A federal judge yesterday ordered a Great Neck doctor who had prescribed painkillers for Medford pharmacy killer David Laffer held without bail pending trial on charges of illegally trafficking in drugs.
"I don't think there are any conditions that could assure the safety of the community" if he allowed Dr. Eric Jacobson to be released on bail, U.S. District Court Judge Joseph Bianco ruled in Central Islip.
Jacobson, who has been held in jail since he was arrested four weeks ago, openly wept as he entered Bianco's courtroom escorted by federal marshals, and turned to the spectators, alternately crossing his fingers and pointing them skyward, as if to hope for good fortune. Jacobson showed no emotion after Bianco's ruling.
Jacobson's attorney, Anthony Capetola, had asked that his client be released on a bail package of $1.2 million, secured by the homes of his wife's parents and her sister, and a friend.
Capetola said as a condition of bail, his client would be confined to his Huntington home, would be monitored by an electronic bracelet, would not be permitted to use cellphones or computers, and could only be visited by relatives.
Eastern District Assistant U.S. Attorney Lara Treinis Gatz had argued there was no way to assure that Jacobson would not attempt to continue illegal activity.
She noted that the government alleged that Jacobson had continued to be involved in the dispensing of painkillers after he voluntarily had given up his narcotics license, and that he had dispensed prescriptions for painkillers to Laffer and his wife, Melinda Brady, from the doormat of his home for cash. Laffer is serving life in prison in the slayings of four people in a Medford pharmacy; Brady is serving 25 years.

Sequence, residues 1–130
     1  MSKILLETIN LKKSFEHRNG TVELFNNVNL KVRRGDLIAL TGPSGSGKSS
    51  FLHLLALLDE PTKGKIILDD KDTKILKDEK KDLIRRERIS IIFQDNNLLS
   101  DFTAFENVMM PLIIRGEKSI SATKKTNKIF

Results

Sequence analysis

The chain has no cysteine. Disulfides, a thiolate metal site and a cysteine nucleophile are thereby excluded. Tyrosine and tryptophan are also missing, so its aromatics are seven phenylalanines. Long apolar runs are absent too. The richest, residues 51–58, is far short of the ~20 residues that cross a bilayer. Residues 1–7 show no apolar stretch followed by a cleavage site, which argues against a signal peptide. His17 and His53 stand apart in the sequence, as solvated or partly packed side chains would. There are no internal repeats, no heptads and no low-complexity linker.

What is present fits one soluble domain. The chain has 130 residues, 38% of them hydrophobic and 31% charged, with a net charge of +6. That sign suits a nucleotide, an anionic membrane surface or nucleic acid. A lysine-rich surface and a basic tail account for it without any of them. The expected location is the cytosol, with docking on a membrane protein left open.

Bianco, noting Treinis Gatz's allegations, said that the proposed bail conditions would depend on Jacobson's self-enforcing them, and this was not acceptable.
Also among the spectators were four members of the family of one of the victims in the Medford pharmacy killings, Bryon Sheffield -- his wife, Sheila, his son Brian, daughter Laura Bustamante, and Brian's wife, Dyanna Aracena.
They said they had come to support the government's position that Jacobson should not be allowed out on bail.
"[Jacobson] was one of those who supplied David Laffer," Sheila Sheffield said, referring to medical workers who contributed to his addiction and the Medford killings. "Because of them, this happened."
Before the bail discussion, Jacobson pleaded not guilty to the indictment charging him with one count of conspiracy to distribute painkillers and five counts of distribution.